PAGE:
Simply called ‘salsiccia,’ Maialino’s breakfast biscuit is far from simple.
When it comes to breakfast sandwiches I used to be an old-school bacon-egg-and-cheese man. For the past year or so though, I have been leaning toward the BEC’s heftier cousin, the sausage egg and cheese. There used to be a coffee cart down the street from my house that made them, but one day in April it vanished. So when a pal said I had to try the sausage and egg sandwich at Roman cuisine specialist Maialino, I made it my business to head to the Gramercy Park Hotel for breakfast. (more…)
“We’re here at Flushing’s oldest food court,” I tell my Chinatown tour guests as we stand outside the Golden Shopping Mall before descending the stairs to the gritty wonderland of regional Chinese food. “When I first came here, I had no idea what to order because everything was in Chinese,” I continue.
Once downstairs I point out Chen Du Tian Fu, noting that it has wonderful Sichuan food. Typically we forego the fiery fare at this stall in favor of Helen You’s Tianjin Dumpling House, which is a shame because Stall No. 31, downtown Flushing’s O.G. Sichuan street food specialist, is where a decade ago myself and many other non-Chinese speaking Chinese food nerds had our first experiences with Golden Shopping Mall thanks to a legendary Chowhound post by BrianS that translated the then all Chinese red and yellow wall menu. That translation ultimately led me to bring Chinese food expert and Sichuan food specialist Fuchsia Dunlop to Golden Mall in the summer of 2008.
“They’re speaking Sichuan dialect. I love it, Sichuan dialect is so lovely,” Dunlop exclaimed as we tucked into a plate of fu qi fei pian, a tangle of tendon, tripe, and beef bathed in chili oil singing with ma la flavor. In the ten years since my visit with Dunlop, Golden Shopping Mall has been discovered. Zimmern, Bourdain, the Times, even Mission Chinese Food’s Danny Bowien, who I once ran into dining there with his kitchen crew, have all taken a seat at the rickety stools.
“You got to try our Cuban,” George Landin owner of street wear boutique All The Right told me when I stopped by other week to sign his copy of my guidebook “111 Places in Queens That You Must Not Miss.”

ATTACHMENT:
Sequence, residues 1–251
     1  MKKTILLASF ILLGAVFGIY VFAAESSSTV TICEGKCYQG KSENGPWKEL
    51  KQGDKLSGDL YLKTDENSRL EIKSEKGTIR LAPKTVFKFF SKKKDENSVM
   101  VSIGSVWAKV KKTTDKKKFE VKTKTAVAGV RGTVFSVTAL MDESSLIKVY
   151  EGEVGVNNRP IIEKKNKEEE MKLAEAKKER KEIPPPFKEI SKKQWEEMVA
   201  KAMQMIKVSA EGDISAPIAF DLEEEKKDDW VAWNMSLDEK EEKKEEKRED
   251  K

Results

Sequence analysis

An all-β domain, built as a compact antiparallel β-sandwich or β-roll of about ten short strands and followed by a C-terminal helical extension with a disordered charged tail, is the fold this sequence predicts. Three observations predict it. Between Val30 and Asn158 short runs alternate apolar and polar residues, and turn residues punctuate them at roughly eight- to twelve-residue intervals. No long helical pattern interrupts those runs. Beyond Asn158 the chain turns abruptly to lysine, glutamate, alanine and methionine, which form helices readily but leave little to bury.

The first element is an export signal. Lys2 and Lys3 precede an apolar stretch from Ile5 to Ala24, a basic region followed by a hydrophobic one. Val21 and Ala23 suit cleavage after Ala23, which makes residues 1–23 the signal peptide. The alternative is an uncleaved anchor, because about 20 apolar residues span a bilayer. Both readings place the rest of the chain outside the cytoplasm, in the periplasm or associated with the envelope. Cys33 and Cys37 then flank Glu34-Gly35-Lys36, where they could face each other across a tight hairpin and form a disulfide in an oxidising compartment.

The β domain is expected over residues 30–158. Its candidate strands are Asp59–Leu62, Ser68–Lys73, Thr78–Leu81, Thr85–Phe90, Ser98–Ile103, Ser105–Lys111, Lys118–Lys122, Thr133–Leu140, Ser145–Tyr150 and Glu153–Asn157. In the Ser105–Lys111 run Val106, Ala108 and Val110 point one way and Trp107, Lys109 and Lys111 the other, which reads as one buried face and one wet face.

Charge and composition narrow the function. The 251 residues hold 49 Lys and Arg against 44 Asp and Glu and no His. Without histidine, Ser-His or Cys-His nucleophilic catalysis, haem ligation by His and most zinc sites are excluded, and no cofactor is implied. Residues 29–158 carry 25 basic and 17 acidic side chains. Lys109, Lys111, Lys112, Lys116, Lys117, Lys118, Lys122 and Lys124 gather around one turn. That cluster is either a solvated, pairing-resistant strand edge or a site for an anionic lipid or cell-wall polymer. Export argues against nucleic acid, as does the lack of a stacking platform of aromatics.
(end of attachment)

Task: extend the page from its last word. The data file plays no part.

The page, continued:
Landin was referring to a Cuban sandwich on the menu of his latest venture, the Corona Diner, which opened this past summer. Just as my book is a love letter to Queens so is Landin’s diner. A mural featuring a who’s who of Queens—from rappers like Action Bronson, Run-DMC, and Nas to stars like Tony Bennett, Louis Armstrong, and Lucy Liu—lines one wall and the doors to the kitchen mimic those of the 7 train. (more…)
Kanom jeen ngaew features pork blood, pork ribs, and ground pork.
Elmhurst’s Little Bangkok is so robust that it can support everything from boat noodle popups to dessert cafes. The latest entrant is Lamoon, the hood’s sole specialist in Chiang Mai cuisine, from Chef Arada Moonroj who learned to shop at local markets and pick lemongrass and kaffir lime from her mother and grandmother back home in Northern Thailand. A profound dislike for the use of MSG in New York City’s Thai restaurants led her to teach herself how to cook by watching Youtube videos.
After cooking for friends she decided to open Lamoon, which is both a play on her last name and a Thai word that is perhaps best translated as subtle, or better yet, soigné. It took over the old Ploy Thai space about two weeks ago and features a decor that combines a feminine sensibility with Thai street art. (more…)
Sariling’s belly lechon is only available on weekends.
Yesterday an article by food writer Ligaya Mishan positing that bagoong—a funky fermented shrimp paste—and other Filipino foods have entered the American mainstream dropped in New York Times Food. No doubt Mishan, who cut her teeth on Filipino food, knows more about it than I ever will, but bagoong being mainstream is a bit of a stretch. As for me, I’m still far too distracted by all of the cuisine’s glorious pork dishes. Which is exactly the position I found myself in on Sunday at Sariling Atin, a Filipino turo turo in Elmhurst.